It is surely one of the most frightening words in any language, a word that sends your mind leaping to the worst possible conclusions. When cancer is diagnosed in someone you love, it not only turns the patient’s world upside down but yours as well.
Depending on how close you are to the patient, both geographically and emotionally, you may find your life dominated by the diagnosis for an indefinite period of time. Even if you’re not the primary caregiver, you may find yourself affected in ways that would never have occurred to you B.C. (Before Cancer).
I found this out the hard way. From 2006 through 2009, from the cancer journeys of my aunt, mother, brother, sister and best friend, I learned far more about coping with a loved one’s cancer than I ever wanted to know. And the older you get, the more likely it is you will have to accompany someone you love on the scary, exhausting, tear-soaked, hopeful, life-altering roller-coaster ride that is cancer.
According to the American Society for Clinical Oncology “the greatest single risk factor for developing cancer is aging,” which is why as seniors we’re increasingly likely to encounter it.
On the other hand, optimism is an essential tool for survival, so here’s some good news: The National Cancer Institute at the National Institutes of Health reports that death rates from cancer for all ages are decreasing. Since cancer is still unknown territory for most people, let me share some ways of coping.
• Stay positive. I meant it about optimism; a positive attitude can be one of the strongest medicines. This holds true for family and friends as well as the patient. Early detection and medical advances have made many cancers curable, or at least manageable. Cancer patients can go on to lead long and full lives. Though panic and fear are understandable first reactions, cancer does not automatically mean death. Keep telling yourself that — even if you have to put a sign on your teapot to remind you first thing every morning the way I did: “Cancer Is Survivable!”
• Be informed. One of the things I found most surprising was how confusing cancer could be. There are so many kinds, and so many variables affecting its outcome. When my friend Sarah’s son was diagnosed with a brain tumor called glioblastoma, Sarah combed the Internet late into the night.
“I wanted to know all about this cancer that I had never even heard of. I stayed up late many nights, researching. I wanted to be prepared for everything and anything, to know what was possible in terms of treatment. I wanted Andy to have every possible support.”
Staying well-informed will make you feel less helpless. Obviously your oncologist and treatment center will be your first source of information, but the Internet can also be valuable. One caveat: Stick with reputable websites, whether searching traditional or nontraditional approaches.
• Find a support group. Talking to someone who knows first-hand what you’re going through can be incredibly comforting and strengthening.
One excellent resource in the Greater Portland area is the Cancer Community Center in South Portland. Their free classes, activities and support groups are not just for cancer patients and survivors, but for anyone impacted by the disease.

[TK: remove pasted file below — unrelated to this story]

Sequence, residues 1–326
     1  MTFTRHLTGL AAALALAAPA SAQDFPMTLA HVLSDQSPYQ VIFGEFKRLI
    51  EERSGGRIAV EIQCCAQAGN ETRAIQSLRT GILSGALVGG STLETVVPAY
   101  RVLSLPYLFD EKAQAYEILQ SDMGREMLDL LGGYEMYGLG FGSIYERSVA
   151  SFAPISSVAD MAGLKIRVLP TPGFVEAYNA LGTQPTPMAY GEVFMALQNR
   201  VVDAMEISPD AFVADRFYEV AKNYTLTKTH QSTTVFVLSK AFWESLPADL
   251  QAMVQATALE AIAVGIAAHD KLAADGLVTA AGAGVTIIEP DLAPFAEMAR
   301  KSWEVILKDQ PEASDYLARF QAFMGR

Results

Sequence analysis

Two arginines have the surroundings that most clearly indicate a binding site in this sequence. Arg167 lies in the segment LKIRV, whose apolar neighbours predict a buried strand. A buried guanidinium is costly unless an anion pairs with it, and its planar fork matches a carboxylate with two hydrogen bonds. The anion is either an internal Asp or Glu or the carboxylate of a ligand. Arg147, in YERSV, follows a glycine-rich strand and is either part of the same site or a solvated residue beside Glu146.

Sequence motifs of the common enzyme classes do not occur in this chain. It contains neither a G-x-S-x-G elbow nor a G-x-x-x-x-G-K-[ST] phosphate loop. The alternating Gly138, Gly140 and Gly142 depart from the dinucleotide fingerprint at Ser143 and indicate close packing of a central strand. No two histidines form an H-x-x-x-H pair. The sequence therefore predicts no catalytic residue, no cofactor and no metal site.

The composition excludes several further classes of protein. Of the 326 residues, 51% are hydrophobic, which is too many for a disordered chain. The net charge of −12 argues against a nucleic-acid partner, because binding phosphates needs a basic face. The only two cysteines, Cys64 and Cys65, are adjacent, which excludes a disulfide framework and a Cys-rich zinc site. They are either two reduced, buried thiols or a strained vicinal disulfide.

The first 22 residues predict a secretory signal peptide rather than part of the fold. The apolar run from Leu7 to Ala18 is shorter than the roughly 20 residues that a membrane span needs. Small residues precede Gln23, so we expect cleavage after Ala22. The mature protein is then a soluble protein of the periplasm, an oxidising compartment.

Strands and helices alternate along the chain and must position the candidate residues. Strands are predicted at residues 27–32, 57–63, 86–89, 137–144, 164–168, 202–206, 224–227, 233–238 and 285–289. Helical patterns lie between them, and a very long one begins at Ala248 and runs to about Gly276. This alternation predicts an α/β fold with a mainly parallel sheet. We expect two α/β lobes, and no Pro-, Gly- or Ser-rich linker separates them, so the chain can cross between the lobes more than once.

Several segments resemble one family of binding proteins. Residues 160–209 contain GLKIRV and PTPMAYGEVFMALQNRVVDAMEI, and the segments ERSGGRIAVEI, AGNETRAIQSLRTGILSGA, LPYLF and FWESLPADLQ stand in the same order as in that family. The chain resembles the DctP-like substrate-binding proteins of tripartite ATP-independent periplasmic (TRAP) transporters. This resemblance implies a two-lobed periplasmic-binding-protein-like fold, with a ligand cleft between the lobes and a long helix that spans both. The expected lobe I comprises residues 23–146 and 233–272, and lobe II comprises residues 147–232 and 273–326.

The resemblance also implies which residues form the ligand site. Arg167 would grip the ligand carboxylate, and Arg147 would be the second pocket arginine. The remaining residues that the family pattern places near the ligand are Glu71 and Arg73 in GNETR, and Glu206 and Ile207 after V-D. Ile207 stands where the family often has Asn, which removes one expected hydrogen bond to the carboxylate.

“The center provides resources specifically for caregivers,” Jani Darak-Druck, manager of volunteer services, said. “Our Caregivers Support Group is for anyone affected by someone else’s cancer, whether by supporting a friend or family member or providing direct care. It meets every other week at the Cancer Community Center on Thursdays from 4:30 to 5:45 p.m.”
The next session is Oct. 20.
“Our weekly Cancer Support Group welcomes friends and family members as well as those with cancer, and our Maine Buddy Program has trained caregiver buddies as well as bereavement and cancer buddies,” Darak-Druck coninued.
• Take care of yourself. I don’t just mean eating healthfully and getting exercise, which are even harder to do in times of stress. Your emotional and spiritual well-being is equally important. If you’re religious I don’t have to recommend you start praying; you already will be. If you’re not traditionally religious you may find a spiritual practice such as meditation to be helpful.
Try to have emotional support close to home. Outside support groups are wonderful and I strongly recommend them, but a network of family and friends, classmates and co-workers — basically anyone who will lend a willing ear or a shoulder to cry on — can be invaluable.
“When someone you care about is diagnosed with cancer,” Darak-Druck said, “one of your first thoughts may be, ‘What do I say?’ The most important thing to keep in mind is that it’s not about having the perfect thing to say, but about being a person who is able to listen.”
• Give yourself time to grieve. We all know cancer doesn’t always have a happy ending. Sarah’s son died last year. And of my five beloved family members and friends mentioned at the beginning of this article, only my sister is still with me.
Grief, of course, is another roller-coaster ride altogether, and one there isn’t room to explore here. But it too is survivable. (Ignore the fact that I am crying as I write this.) I promise you that the skills you learned and the support systems you utilized in your loved one’s journey through cancer will also help you afterwards.
I think the most important thing I can tell you is that you’re not alone. There are so many sources of support available in the Greater Portland area; this article has barely scratched the surface. Seek them out — they really help. And listen to this advice from my friend Sarah to anyone embarking on this journey: “I wish them well, and advise them to be clear in their needs, to accept all the help they can stand, and to make the best of every hour with their dear one.”
Kathleen Connelly is a recent seminary graduate and freelance writer who lives in Yarmouth. She can be reached at: firstname.lastname@example.org